ACLU urges judge to rule quickly on Kansas voter registration case
Lawyers for the American Civil Liberties Union are asking a federal judge in Washington, D.C., to act quickly on their motion to block the use of amended federal voter registration forms that require Kansans to show proof of U.S. citizenship.
In a letter to Judge Richard J. Leon, the ACLU said leaving the issue unresolved threatens to complicate upcoming state and federal elections in Kansas and the two other states involved in the case.
“The federal primary elections will take place in Kansas on August (2), 2016, just over a month from now,” the letter stated. “The general federal elections will occur in November, a mere four months from now, and voter registration requirements in Kansas, Alabama and Georgia require resolution well before then.”
The ACLU filed the suit in February against Brian Newby, executive director of the U.S. Election Assistance Commission shortly after his unilateral decision to grant requests to amend the federal voter registration forms used in those states to reflect their proof-of-citizenship requirements.
As part of the suit, the ACLU asked for a preliminary injunction to block the use of those amended forms. In the letter, ACLU attorneys acknowledge that any decision the district court makes about the injunction will be appealed to the D.C. Circuit Court of Appeals, a process that could take as long as six months.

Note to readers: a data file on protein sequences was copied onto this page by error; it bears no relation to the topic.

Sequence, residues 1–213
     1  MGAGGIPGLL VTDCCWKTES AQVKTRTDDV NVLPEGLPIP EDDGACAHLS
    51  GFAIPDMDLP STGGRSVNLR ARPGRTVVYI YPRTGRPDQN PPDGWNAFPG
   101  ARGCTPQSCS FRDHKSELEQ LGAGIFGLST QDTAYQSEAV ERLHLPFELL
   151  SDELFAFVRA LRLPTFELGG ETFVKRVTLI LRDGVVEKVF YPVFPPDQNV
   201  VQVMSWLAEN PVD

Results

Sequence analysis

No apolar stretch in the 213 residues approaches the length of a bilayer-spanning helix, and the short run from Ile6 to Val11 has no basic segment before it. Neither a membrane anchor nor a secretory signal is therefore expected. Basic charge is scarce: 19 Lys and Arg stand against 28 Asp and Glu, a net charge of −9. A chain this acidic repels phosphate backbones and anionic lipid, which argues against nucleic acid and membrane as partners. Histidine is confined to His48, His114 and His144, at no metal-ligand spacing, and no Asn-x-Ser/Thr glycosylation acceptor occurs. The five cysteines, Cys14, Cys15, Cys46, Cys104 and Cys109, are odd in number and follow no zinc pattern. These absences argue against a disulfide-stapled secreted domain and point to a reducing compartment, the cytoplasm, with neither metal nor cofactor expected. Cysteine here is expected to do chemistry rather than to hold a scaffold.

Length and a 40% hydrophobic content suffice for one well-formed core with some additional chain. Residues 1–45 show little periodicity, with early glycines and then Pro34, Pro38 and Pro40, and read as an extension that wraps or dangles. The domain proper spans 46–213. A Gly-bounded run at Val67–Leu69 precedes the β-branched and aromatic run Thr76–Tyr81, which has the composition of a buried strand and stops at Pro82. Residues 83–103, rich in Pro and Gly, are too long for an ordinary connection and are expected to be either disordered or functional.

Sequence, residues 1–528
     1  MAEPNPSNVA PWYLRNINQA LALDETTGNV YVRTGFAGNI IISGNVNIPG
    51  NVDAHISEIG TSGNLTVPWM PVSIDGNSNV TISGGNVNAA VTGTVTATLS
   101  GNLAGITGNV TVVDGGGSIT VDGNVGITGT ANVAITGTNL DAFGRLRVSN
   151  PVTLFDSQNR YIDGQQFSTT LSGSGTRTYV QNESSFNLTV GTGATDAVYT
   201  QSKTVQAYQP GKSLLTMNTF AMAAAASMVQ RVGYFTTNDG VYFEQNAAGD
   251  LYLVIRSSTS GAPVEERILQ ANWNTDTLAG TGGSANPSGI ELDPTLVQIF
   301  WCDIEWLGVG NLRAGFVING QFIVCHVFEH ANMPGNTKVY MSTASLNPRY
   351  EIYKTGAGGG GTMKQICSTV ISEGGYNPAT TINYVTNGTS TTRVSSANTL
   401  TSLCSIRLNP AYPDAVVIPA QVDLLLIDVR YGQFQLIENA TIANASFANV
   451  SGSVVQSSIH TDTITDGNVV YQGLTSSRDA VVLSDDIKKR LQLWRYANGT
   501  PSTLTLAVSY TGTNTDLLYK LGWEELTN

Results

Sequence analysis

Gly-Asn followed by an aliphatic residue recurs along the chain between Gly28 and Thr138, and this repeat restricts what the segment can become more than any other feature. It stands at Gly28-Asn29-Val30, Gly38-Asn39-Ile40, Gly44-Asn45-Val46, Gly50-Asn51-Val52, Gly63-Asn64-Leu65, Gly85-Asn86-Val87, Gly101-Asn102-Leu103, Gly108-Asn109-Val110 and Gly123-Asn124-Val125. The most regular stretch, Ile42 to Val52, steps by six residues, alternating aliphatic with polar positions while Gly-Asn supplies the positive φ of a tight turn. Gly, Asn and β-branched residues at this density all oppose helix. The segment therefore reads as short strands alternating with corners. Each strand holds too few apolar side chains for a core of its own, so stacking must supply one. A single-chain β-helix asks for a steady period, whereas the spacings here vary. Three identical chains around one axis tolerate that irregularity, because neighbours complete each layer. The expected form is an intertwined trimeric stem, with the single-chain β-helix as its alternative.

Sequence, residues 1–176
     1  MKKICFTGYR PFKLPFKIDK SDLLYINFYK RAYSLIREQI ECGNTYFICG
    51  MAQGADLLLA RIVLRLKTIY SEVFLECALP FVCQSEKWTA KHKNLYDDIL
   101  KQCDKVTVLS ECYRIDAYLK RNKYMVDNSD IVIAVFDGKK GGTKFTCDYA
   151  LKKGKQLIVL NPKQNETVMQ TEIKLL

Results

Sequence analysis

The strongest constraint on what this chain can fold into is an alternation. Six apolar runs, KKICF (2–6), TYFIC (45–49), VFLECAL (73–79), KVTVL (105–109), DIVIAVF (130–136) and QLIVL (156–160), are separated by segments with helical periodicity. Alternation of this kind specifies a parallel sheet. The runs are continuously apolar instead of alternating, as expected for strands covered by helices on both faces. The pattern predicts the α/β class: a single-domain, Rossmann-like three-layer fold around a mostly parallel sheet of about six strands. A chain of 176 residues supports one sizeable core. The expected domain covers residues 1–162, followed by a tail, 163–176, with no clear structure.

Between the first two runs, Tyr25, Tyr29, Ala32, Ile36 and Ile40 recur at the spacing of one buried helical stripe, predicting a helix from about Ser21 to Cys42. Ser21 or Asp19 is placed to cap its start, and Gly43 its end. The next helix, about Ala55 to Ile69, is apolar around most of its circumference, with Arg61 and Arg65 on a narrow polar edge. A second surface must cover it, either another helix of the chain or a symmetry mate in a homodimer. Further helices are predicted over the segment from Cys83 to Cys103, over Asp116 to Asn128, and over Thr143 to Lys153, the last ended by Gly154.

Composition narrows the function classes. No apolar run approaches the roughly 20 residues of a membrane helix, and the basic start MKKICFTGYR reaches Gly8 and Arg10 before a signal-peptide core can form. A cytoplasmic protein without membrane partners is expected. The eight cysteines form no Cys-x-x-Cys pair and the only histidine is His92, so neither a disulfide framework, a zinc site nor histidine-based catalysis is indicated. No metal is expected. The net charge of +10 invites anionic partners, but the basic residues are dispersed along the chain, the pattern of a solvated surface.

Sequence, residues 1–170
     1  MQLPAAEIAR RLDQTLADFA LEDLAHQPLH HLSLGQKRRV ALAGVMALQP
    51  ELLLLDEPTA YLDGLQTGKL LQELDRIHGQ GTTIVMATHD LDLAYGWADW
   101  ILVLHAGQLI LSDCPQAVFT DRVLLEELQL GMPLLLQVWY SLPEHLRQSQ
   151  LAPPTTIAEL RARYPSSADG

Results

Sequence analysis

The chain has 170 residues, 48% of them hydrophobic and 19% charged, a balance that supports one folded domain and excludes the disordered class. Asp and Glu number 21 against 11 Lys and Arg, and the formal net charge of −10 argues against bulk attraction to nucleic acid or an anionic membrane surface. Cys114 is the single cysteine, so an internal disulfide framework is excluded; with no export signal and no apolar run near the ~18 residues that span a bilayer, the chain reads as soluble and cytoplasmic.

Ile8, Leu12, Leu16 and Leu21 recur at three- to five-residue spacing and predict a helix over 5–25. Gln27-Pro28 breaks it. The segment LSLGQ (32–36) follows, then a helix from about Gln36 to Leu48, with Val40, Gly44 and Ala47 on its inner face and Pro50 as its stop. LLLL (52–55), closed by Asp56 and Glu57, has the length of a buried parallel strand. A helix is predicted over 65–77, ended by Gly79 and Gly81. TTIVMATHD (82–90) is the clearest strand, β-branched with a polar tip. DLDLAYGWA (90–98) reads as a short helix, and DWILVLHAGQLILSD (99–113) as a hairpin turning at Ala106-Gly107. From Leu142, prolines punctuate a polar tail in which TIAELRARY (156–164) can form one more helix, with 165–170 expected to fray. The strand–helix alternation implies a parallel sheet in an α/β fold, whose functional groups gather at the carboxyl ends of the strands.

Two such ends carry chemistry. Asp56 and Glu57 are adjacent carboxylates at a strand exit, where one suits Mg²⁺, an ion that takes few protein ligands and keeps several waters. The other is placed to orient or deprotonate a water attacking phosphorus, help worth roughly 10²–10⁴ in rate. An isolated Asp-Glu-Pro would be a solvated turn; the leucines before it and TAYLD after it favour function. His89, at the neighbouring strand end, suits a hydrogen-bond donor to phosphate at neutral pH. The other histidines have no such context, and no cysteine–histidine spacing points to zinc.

Before Newby was hired at the EAC, he served as Johnson County election commissioner, a position directly appointed by Kansas Secretary of State Kris Kobach, who championed the proof of citizenship law in 2011. The EAC had previously denied Kobach’s request to amend the federal forms, but Newby later unilaterally amended them.
Under the National Voter Registration Act, states are required to accept registrations made using the federal form.
But because that federal form did not ask for proof of citizenship until recently, Kobach has ordered county election officers to conduct a “dual” election system in which people who used those forms may vote only in federal races, not in state or local races.
That would apply to voters who used the old federal mail-in forms, as well as an estimated 18,000 voters who registered at their local motor vehicles office when they obtained or renewed their driver’s license.
A state judge in Shawnee County ruled recently that Kobach has no legal authority to make such an order, but he did not specifically issue an injunction blocking him from doing so.